Table 5, however, offers the opportunity to recover some other demographics, if one is willing to indulge in a few suppositions, because it reports how many clergy are in each of four age brackets, and it breaks this down by gender. Now as Laura Toepfer points out in the comments, the clergy in each age range includes both those ordained at an earlier age and those newly ordained; therefore by making a few assumptions we can work out the ages at which clergy are ordained. The assumptions are actually pretty dubious on one level, but I believe that the likely errors tend to reduce the effects I am about to describe, so I'm not too unhappy about making then.
The central assumption is that the flow of people into each of the groups is constant, so that I can assume that the number of people ordained at a given age in the past is the same as it is now. This assumption, over the very long haul, isn't true, but when I say "long haul" we're talking before my lifetime: the pattern that is going to appear fits what I knew about ordination patterns back when I was in college. The second assumption is that people don't die or quit young. Again, this is a bad assumption, but the degree to which it is false will blunt the pattern, so it won't hurt to make it. The third assumption is that deaths and retirements in the last group are balanced by ordinations and aging into it. This is also dubious, but the likely error is in the direction of blunting the pattern, so again I'm not too concerned about this.
Using these assumptions, I can get the number of people ordained in each age range by subtracting out the number of people in the previous range from the number of people in the current range. Normalizing this over the these new quantities, we get the following:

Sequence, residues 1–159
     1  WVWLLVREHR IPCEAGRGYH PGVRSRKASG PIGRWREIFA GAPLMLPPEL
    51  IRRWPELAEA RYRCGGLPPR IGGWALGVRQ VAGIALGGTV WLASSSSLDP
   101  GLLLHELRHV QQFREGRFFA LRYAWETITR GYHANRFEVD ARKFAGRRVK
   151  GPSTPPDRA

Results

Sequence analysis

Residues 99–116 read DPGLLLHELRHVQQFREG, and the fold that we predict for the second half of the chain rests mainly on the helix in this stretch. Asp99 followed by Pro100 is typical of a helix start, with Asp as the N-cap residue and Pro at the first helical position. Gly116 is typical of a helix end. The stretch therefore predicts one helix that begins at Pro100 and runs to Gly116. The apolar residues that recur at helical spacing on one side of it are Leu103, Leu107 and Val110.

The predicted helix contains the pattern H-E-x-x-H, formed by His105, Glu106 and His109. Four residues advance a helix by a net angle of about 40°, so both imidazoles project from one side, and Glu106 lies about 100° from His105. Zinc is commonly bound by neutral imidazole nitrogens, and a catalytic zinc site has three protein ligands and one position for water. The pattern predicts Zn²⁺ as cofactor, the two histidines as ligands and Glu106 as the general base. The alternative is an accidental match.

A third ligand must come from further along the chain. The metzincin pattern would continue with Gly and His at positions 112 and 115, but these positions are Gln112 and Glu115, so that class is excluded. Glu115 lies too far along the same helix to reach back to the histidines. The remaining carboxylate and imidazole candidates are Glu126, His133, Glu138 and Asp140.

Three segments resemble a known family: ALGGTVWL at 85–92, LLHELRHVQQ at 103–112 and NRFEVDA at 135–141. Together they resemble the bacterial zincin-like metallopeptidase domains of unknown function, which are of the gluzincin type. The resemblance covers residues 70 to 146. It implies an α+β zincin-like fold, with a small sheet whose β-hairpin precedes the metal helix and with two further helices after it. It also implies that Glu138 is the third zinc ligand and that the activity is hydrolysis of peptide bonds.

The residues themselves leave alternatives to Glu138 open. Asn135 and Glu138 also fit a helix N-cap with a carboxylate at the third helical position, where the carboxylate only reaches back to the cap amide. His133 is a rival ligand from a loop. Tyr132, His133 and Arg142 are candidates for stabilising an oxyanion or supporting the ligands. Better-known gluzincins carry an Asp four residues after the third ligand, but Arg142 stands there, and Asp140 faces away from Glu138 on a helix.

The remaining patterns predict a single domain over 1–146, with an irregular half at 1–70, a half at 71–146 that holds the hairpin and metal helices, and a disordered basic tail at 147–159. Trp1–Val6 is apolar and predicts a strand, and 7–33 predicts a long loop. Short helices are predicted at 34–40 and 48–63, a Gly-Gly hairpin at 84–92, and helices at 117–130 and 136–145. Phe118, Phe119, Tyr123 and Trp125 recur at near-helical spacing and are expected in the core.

One result of this is very striking: only about a quarter of all ECUSA clergy are ordained before age 45, and over a third are ordained after age 55. I have a hard time imagining that this pattern obtains for any but mainline churches, and probably not even for most of them. It's impossible to avoid the conclusion that the Episcopal priesthood is, for most, a second career or even a post-retirement hobby.
And that conclusion is reinforced by the second pattern: the decided drop in women ordained in the 35-45 age bracket. Either a lot more women are reluctant to abandon careers in that age group, or child-rearing interferes with starting the ordination path. (I would note, BTW, that discernment processes, seminary and transitional diaconates apply about a five year bias to these numbers in terms of when people actually make their decisions to start.)
Of course one has to allow for the possibility that the Holy Spirit likes it this way. But there are plenty of reasons to suspect that economic realities and diocesan policies are likely contributors. Having to largely go without pay for several years surely accounts for much of the dip in the 35-45 bracket: unless a spouse can support the family themselves, people with families to support are unlikely to be able to afford to drop everything, especially with the risk of being dropped from the process and having to pick up the pieces of their lives. Kids fresh out of college lack the obligations, but there has been a historic pattern of discouraging them as being insufficiently mature. So instead we see people waiting until the kids are old enough or indeed out on their own. In any case this presents a very different picture of the priesthood and how it is to be lived, when it is not a primary profession, but a second stage in life. And it creates a very strong bias towards a priesthood whose peers are older. One has to wonder how much this affects the causes espoused by those clergy, who are so much older than the population as a whole.